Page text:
I want make an animated .gif from an .mp4 video. I would prefer to do it from the command line, so please only list command line tools.

  • 1
    You can use this script on Github that uses FFMPEG and generates intermediate color palette for better picture quality.
    – NG_
    Commented Apr 24, 2019 at 8:36

4 Answers 4


ffmpeg 3.4.4 can do it directly on Ubuntu 18.04

You likely want to use something like:

sudo apt install ffmpeg
wget -O opengl-rotating-triangle.mp4 https://github.com/cirosantilli/media/blob/master/opengl-rotating-triangle.mp4?raw=true
ffmpeg \
  -i opengl-rotating-triangle.mp4 \
  -r 15 \
  -vf scale=512:-1 \
  -ss 00:00:03 -to 00:00:06 \


enter image description here

Image info: 426kB, 45 frames, 512x512 apparent size, coalesced, conversion time on a Lenovo P51: 0.5s.

The above conversion also worked after a ulimit -Sv 1000000 (DRAM usage limited to 1GB), so it does "not consume huge amounts of memory" like previous attempts I did with Imagemagick which almost killed my machine. 500MB however failed because ffmpeg failed to load its shared libraries... time to upgrade your RAM ;-)?

Test data generation procedure described on this post.

The output has a visible dotting pattern, which is not as visible in "ffmpeg + convert" method below. We can try to improve the image quality with methods described at:

E.g. using the palettegen filter:

ffmpeg \
  -i opengl-rotating-triangle.mp4 \
  -r 15 \
  -vf "scale=512:-1,split[s0][s1];[s0]palettegen[p];[s1][p]paletteuse" \
  -ss 00:00:03 -to 00:00:06 \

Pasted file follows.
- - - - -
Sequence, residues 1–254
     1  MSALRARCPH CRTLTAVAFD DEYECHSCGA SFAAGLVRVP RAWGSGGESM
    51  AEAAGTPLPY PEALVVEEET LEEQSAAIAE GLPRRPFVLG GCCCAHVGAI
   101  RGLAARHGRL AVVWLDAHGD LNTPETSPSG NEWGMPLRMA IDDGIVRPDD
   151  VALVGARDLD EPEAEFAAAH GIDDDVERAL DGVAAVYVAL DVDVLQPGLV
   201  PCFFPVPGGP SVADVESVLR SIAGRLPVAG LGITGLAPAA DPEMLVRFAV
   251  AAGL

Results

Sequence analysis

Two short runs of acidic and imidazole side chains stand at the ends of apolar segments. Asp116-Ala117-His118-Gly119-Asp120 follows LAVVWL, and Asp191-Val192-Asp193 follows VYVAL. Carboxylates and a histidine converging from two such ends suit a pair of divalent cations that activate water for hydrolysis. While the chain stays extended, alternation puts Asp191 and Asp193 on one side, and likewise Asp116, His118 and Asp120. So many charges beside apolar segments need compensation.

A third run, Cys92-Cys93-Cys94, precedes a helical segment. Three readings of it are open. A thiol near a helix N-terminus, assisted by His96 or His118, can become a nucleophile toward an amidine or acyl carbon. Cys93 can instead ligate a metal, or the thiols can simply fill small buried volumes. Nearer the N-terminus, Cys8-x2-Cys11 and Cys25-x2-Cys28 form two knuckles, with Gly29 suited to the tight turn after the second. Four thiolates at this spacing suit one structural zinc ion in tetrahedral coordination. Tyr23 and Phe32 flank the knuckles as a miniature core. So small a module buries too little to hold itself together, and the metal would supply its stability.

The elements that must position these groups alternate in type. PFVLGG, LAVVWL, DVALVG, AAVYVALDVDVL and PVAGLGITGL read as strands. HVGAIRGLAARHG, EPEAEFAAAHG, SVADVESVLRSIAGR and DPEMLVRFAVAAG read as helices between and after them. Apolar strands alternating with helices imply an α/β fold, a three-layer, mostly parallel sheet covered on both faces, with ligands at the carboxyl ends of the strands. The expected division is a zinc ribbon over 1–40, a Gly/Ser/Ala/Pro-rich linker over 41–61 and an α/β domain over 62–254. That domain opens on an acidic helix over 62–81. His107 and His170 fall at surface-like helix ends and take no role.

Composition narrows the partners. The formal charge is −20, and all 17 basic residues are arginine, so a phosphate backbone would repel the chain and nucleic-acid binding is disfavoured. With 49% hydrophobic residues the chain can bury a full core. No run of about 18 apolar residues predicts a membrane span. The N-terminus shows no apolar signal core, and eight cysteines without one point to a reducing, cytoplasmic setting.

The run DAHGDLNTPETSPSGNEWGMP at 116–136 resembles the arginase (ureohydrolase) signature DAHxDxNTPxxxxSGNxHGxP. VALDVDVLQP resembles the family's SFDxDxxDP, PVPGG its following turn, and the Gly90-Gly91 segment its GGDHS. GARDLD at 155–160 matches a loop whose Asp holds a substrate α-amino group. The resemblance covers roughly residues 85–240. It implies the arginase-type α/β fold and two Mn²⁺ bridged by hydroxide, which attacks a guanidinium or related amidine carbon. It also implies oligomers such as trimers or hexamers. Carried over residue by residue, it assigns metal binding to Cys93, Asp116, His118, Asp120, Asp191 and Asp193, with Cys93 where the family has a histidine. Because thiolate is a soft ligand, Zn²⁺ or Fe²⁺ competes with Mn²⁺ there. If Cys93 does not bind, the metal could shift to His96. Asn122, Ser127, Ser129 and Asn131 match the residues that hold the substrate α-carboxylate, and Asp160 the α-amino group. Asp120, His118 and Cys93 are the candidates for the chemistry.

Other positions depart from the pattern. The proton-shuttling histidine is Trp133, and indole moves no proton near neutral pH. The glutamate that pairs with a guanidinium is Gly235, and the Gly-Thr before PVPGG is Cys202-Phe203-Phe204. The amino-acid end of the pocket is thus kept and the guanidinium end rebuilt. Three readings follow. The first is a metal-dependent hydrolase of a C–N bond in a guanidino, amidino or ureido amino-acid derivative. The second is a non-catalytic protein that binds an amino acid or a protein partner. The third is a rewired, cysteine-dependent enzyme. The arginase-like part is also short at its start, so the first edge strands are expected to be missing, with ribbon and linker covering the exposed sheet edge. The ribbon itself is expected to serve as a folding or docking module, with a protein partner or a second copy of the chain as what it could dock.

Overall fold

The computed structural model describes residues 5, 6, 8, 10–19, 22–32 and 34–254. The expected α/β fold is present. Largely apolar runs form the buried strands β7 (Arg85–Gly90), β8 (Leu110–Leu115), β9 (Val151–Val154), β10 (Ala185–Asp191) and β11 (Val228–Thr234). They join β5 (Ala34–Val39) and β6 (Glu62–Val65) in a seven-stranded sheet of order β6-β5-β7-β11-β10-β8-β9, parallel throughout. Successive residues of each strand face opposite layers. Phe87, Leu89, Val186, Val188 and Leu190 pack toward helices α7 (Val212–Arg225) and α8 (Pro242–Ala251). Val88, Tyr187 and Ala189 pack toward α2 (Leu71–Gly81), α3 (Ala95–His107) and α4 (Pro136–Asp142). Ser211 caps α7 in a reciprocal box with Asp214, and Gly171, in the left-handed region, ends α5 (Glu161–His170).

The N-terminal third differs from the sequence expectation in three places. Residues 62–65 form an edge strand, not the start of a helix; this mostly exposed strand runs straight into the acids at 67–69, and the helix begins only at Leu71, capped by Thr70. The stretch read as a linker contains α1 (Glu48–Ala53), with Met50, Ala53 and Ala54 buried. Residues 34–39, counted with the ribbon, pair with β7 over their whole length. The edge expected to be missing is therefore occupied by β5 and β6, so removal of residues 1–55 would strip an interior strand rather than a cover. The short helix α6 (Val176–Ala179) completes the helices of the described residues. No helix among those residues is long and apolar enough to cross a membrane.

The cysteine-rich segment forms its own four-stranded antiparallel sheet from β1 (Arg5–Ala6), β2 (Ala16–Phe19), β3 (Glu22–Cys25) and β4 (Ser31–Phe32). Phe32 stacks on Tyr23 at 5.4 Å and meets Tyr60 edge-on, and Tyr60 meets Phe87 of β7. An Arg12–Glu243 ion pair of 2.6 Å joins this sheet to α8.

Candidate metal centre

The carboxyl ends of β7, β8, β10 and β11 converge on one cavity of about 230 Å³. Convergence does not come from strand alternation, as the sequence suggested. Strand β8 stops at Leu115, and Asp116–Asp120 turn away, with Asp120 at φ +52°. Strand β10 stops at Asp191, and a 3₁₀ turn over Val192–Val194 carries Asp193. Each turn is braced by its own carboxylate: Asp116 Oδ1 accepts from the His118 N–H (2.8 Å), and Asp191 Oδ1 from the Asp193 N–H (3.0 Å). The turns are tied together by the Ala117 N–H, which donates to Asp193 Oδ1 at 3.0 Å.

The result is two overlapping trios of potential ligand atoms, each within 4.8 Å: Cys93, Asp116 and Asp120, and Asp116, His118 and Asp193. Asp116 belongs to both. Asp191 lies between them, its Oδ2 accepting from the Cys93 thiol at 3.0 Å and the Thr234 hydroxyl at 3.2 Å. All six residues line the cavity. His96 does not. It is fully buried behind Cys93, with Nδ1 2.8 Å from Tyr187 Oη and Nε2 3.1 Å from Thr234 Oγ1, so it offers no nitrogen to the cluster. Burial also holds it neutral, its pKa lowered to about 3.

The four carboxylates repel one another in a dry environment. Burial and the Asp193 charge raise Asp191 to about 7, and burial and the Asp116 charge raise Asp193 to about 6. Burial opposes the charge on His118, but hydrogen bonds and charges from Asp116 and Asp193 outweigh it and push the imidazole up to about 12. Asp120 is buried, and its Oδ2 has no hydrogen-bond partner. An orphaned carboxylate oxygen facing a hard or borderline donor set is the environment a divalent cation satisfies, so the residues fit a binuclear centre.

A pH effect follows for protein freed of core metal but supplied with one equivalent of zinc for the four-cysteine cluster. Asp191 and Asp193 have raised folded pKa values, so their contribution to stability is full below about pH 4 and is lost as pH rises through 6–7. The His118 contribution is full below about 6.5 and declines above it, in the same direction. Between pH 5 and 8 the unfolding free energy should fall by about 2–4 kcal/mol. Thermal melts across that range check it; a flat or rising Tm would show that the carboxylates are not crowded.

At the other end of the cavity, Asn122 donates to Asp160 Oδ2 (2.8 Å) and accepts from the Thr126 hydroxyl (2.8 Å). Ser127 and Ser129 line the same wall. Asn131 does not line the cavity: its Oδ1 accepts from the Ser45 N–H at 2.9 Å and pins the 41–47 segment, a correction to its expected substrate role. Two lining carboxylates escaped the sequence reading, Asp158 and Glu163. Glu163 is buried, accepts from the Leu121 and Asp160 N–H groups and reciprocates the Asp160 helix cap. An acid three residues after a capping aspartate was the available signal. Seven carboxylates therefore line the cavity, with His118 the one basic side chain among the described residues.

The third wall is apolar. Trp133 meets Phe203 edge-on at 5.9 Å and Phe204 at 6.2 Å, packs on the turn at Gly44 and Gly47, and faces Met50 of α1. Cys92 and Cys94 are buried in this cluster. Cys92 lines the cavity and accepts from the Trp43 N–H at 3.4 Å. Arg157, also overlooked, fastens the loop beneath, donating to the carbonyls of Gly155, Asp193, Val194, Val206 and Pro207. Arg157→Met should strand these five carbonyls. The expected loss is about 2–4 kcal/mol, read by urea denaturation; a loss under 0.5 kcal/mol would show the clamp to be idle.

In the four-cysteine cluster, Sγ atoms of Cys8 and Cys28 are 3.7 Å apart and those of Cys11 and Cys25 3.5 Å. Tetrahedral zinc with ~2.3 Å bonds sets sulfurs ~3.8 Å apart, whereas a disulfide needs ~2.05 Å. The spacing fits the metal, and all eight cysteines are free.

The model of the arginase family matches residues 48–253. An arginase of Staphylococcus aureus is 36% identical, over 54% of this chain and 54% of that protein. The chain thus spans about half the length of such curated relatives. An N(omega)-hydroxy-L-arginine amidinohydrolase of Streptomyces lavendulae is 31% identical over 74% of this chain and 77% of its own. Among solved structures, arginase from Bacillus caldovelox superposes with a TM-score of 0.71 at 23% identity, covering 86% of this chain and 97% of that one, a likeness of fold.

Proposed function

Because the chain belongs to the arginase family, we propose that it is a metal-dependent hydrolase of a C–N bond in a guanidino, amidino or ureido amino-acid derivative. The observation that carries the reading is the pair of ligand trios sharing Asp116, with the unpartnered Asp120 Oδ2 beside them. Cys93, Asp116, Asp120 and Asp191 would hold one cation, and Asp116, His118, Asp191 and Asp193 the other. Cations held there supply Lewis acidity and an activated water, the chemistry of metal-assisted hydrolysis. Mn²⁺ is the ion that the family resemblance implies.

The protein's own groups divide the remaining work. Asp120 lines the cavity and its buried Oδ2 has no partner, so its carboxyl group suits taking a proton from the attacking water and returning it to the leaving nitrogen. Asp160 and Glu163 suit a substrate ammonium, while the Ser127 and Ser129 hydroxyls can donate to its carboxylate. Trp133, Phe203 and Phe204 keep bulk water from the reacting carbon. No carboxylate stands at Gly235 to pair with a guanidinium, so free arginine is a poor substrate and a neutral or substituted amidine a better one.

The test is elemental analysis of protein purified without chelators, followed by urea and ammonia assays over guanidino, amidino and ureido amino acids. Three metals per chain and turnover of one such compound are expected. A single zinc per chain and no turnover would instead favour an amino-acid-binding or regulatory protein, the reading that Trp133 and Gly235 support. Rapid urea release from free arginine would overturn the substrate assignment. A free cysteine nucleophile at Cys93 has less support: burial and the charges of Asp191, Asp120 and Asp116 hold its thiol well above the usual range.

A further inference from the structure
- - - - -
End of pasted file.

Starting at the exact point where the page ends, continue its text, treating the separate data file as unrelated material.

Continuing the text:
enter image description here

Image info: 979K, 45 frames, 512x512 apparent size, coalesced, conversion time on a Lenovo P51: 3.5s.

So we see that:

  • the dotting pattern is much less visible now
  • GIF size roughly doubled. TODO: why does simply choosing a palette increase the image size? Is it because now more colors so we need more bits per color? How to observe each palette?
  • generation time was 7x slower, presumably because ffmpeg is first scanning through the entire video to determine an optimal palette

We could also play with documented palettegen parameters like palettegen=max_colors=16 to achieve different size quality trade-off points.

Argument breakdown

Video camera footage example

If you want to see the result quality of a video camera video from Wikimedia Commons with a similar command:

wget https://upload.wikimedia.org/wikipedia/commons/f/f9/STS-132_Liftoff_Space_Shuttle_Atlantis.ogv
ffmpeg -i STS-132_Liftoff_Space_Shuttle_Atlantis.ogv -r 15 -vf scale=512:-1 \
  -ss 00:00:17 -to 00:00:22 STS-132_Liftoff_Space_Shuttle_Atlantis.gif


enter image description here

Image info: 1.3MB, 75 frames, 512x288 apparent size, coalesced (has minimal effect however, because footage pans slightly from the start), conversion time on a Lenovo P51: 2.3s.

Here is a version with palettegen but only 2 seconds to fit the 2MiB upload limit:

enter image description here

Image info: 1.5MB, 30 frames, 512x288 apparent size, conversion time on a Lenovo P51: 43s.

A more direct:

sudo apt-get install ffmpeg
ffmpeg -i in.mp4 out.gif

also works, but the output GIF would be way larger than the input video, because video formats can compress more efficiently across frames with advanced algorithms, while GIF can only does a simple rectangular frame diff.

Before 18.04: ffmpeg + convert one-liner without intermediate files

ffmpeg could not handle GIF previously. The best I had was something along:

sudo apt-get install ffmpeg imagemagick
ffmpeg -i opengl-rotating-triangle.mp4 -r 15 -vf scale=512:-1 \
  -ss 00:00:03 -to 00:00:06 -f image2pipe -vcodec ppm - |
  convert -deconstruct -delay 5 -loop 0 - opengl-rotating-triangle-image-magick.gif


enter image description here